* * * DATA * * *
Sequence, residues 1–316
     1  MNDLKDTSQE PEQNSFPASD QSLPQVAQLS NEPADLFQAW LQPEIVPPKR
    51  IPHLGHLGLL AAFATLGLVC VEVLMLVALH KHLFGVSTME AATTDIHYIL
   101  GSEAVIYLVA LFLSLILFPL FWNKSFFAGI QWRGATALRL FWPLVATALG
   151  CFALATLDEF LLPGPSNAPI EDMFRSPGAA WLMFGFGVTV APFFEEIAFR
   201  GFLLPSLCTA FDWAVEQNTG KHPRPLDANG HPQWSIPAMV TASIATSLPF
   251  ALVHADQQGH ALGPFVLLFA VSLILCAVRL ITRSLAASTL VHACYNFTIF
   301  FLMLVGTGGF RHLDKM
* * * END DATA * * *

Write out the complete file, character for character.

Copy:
Sequence, residues 1–316
     1  MNDLKDTSQE PEQNSFPASD QSLPQVAQLS NEPADLFQAW LQPEIVPPKR
    51  IPHLGHLGLL AAFATLGLVC VEVLMLVALH KHLFGVSTME AATTDIHYIL
   101  GSEAVIYLVA LFLSLILFPL FWNKSFFAGI QWRGATALRL FWPLVATALG
   151  CFALATLDEF LLPGPSNAPI EDMFRSPGAA WLMFGFGVTV APFFEEIAFR
   201  GFLLPSLCTA FDWAVEQNTG KHPRPLDANG HPQWSIPAMV TASIATSLPF
   251  ALVHADQQGH ALGPFVLLFA VSLILCAVRL ITRSLAASTL VHACYNFTIF
   301  FLMLVGTGGF RHLDKM